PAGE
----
The International Olympic Committee and Japanese organizers try to persuade the general public that the postponed Tokyo Olympics will happen subsequent yr regardless of the COVID-19 pandemic.
Tokyo organizing committee CEO Toshiro Muto stated final week that the video games might go forward and not using a vaccine. This week John Coates, the IOC member who oversees the Tokyo Olympics, stated the video games would occur regardless of the pandemic.
Coates is to look Wednesday in a digital assembly with the IOC government board. He is anticipated to present an upbeat evaluation of Tokyo’s prospects.
Several latest public opinion polls have proven skepticism from the Japanese public and the enterprise group that the video games can go on — or ought to go on.
“We can tell you that the IOC is fully committed to celebrating the games of the 32nd Olympiad next year in Tokyo,” organizing committee spokesman Masa Takaya said Tuesday. ”We have begun formulating the concrete steps we’ll take.”
City, government, and Tokyo Olympic officials gathered last week in the first of a string of meetings to plan for countermeasures against COVID-19.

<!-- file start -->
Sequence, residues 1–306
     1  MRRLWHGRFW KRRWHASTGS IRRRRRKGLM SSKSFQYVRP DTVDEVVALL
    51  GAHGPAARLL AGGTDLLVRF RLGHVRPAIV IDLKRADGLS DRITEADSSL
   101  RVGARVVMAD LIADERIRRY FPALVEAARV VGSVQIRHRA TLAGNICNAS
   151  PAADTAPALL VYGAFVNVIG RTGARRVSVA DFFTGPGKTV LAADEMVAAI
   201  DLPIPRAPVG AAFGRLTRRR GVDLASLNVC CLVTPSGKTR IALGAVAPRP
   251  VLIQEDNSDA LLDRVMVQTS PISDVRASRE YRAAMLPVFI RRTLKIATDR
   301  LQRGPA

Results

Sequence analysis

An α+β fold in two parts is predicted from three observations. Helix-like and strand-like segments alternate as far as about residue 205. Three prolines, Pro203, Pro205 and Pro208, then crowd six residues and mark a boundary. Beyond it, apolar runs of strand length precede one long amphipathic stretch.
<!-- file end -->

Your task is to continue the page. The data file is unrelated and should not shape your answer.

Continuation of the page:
Panels will make plans to deal with possible quarantines, getting athletes into Japan, COVID-19 testing, measures to keep venues safe, anti-virus measures at the Athletes’ Village and immigration issues. They’ll also consider if fans will be allowed, and if non-Japanese fans will be among them.
The IOC and local organizers have has been saying since the postponement five months ago that the games will open on July 23, 2021. They were taking the same approach in March, just weeks before the Olympics were postponed.
Organizers and the IOC have given few details of how 11,000 Olympic athletes and 4,400 Paralympians will be safe in Tokyo, along with thousands of staff members, and games and technical officials.
Details are not expected until later in the year, or into early 2021.
Organizers have yet to say what the one-year postponement will cost or who will pay — with estimates in the billions of dollars. The University of Oxford is releasing a study this week that shows the Tokyo Olympics are the most expensive in history, examining records since 1960.
Fight in opposition to Coronavirus: Full protection